Larry Park: By the time I turned 10 years old, I was just an angry child.
Growing up, Larry Park's anger often turned to rage. His parents, fearing he was capable of violence, placed him in a facility for youth offenders when he was 15.
Larry Park: By the time I was 21, I was using meth. I was smoking crack. I was doing acid. … And I was just angry.
Michael Marshall: I could see years ahead of me. And then after the kidnapping, I could not see tomorrow.
Michael Marshall, the hero who never quit digging in the underground prison, left Chowchilla to become a rodeo cowboy and lost his way.
Michael Marshall: I went to bed at 18 drunk and hung over and blacked out. And woke up about 48, you know, with a hangover, blurry.
Sheriff Ed Bates: The victims are the ones that are being punished and always will be.
And they watched helplessly as Richard Schoenfeld was the first to be granted parole in June 2012, 36 years after the kidnappings. Three years later, James Schoenfeld was paroled.
Prosecutor Jill Klinge: As far as I know they have not been in any kind of trouble, and I know they have not returned to prison.
The same cannot be said for Fred Woods.
Prosecutor Jill Klinge: Fred Woods' behavior in prison is what keeps him in prison.
Long considered to be the ringleader behind the kidnappings, Woods has repeatedly been caught with pornography and cell phones in prison.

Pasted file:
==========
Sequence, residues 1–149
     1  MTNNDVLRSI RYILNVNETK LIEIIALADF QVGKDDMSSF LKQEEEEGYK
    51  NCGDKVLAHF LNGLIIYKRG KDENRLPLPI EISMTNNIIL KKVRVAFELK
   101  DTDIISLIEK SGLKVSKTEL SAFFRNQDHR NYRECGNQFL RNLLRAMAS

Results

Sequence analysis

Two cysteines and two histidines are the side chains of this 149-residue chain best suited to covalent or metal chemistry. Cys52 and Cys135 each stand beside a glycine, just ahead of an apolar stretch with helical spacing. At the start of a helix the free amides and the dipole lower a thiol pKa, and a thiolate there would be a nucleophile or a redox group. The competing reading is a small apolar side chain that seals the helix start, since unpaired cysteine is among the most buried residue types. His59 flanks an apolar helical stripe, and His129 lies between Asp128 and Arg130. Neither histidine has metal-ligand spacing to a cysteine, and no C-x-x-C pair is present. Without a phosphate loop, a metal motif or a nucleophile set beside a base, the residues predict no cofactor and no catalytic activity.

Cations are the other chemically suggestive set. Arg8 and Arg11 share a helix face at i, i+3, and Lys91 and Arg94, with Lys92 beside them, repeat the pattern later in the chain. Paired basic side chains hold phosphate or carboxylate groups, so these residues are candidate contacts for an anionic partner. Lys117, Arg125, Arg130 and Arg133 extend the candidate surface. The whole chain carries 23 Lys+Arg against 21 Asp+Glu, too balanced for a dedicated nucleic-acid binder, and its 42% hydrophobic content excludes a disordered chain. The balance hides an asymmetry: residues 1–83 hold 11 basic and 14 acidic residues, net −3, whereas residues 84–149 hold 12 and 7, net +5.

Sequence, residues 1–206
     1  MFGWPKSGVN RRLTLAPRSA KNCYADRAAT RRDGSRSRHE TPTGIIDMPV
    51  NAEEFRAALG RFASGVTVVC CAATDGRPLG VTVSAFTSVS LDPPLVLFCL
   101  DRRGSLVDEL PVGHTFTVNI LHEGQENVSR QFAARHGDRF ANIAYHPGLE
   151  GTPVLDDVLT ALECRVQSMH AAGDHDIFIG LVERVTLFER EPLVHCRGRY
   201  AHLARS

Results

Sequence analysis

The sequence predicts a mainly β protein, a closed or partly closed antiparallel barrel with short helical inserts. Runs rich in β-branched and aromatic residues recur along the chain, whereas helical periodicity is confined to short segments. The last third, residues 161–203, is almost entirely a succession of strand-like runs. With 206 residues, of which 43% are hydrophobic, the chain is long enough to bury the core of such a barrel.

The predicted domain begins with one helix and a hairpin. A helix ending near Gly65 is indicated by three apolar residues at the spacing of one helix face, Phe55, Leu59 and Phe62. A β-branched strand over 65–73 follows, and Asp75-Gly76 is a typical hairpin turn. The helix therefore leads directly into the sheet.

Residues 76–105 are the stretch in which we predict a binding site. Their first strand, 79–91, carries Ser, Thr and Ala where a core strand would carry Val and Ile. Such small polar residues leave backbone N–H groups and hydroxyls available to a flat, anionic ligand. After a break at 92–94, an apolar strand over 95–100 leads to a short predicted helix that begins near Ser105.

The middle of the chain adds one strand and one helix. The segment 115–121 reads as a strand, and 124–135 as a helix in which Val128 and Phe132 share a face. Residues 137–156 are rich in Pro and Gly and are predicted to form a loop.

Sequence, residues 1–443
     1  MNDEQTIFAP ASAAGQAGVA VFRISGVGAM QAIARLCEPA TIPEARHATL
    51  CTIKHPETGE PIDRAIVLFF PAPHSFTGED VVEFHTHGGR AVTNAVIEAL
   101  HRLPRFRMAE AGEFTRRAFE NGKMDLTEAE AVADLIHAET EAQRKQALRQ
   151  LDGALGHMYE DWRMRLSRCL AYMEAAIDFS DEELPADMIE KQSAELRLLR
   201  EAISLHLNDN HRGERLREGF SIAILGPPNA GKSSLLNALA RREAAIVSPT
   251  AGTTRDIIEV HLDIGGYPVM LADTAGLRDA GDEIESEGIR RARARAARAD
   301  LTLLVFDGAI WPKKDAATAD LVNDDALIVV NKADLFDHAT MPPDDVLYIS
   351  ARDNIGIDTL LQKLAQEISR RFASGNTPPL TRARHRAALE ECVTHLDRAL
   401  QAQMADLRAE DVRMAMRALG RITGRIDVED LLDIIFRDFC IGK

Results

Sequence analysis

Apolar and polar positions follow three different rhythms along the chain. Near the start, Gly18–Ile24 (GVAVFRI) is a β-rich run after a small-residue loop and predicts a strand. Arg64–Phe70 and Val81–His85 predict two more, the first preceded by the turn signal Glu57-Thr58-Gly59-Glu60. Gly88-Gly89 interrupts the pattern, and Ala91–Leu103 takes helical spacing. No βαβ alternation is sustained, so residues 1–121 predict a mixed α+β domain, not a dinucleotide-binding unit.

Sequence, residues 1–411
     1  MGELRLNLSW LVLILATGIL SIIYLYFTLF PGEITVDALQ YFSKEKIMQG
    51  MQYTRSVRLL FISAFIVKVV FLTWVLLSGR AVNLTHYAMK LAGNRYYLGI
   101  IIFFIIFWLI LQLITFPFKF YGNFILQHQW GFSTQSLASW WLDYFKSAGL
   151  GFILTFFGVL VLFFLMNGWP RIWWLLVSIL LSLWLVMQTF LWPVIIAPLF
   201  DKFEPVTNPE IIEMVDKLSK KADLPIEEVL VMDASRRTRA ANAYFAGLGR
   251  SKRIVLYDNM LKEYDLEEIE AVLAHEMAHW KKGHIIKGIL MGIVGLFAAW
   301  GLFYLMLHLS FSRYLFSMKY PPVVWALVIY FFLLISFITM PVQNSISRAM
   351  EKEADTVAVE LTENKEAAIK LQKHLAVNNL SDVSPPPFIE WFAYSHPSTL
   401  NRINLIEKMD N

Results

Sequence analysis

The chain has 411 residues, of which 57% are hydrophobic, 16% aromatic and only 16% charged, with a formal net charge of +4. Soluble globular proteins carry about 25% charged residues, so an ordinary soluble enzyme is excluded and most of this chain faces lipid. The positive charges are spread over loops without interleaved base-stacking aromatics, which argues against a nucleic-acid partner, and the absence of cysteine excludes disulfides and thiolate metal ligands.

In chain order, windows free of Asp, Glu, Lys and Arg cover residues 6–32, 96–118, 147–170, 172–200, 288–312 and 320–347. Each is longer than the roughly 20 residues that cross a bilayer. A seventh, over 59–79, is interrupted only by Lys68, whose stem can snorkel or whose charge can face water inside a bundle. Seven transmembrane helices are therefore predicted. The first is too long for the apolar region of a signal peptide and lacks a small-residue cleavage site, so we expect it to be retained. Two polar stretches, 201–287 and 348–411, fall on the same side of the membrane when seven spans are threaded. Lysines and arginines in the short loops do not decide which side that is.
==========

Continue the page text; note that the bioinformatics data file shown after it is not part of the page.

Prosecutor Jill Klinge: And that's not allowed. … And one of the best indicators of an inability to obey the laws in society is that you can't obey the rules in prison.
It was 28 hours of terror that will always be with the children, now middle-aged adults. Today, Michael, Jennifer and Larry have managed to find ways to get on with living.
Larry Park: Healing continues if you allow it.
Larry Park, 49, owns a handyman business and volunteers as a pastor at a local church. His nightmares have finally stopped. And he is sober.
Larry Park: I have nine years sober.
His sobriety was motivated by an epiphany about the kidnappers.
Larry Park: My resentment for them … was killing me. … One night I was laying in bed … and I said, "God, help me to forgive them."
Larry met the men, shook their hands, and did forgive them.
Larry Park: It changed my life [cries]. … Something washed over me. … And there was peace like I had never known. I knew that day that I would be OK.
Until just recently, Jennifer Brown Hyde, a wife, mother and executive assistant, says she could not sleep without a nightlight.
Jennifer Brown Hyde: I've had family and church family … and co-workers that have piece by piece helped put me back together. … I want people to know that that little girl that was kidnapped and buried alive has managed to live a wonderful life.
Michael Marshall, 57, husband, father, and now a long-distance trucker, tries not to think about the kidnappers.
Michael Marshall: What they put my mom and dad through is something I can't — I cannot forgive.
He's been sober for 8 years with help from his family and his therapy dog Blue.
Michael Marshall: I rescued him before he was a year old. And now he rescues me every day.
In 2019, kidnapperHe is eligible for parole again in 2024..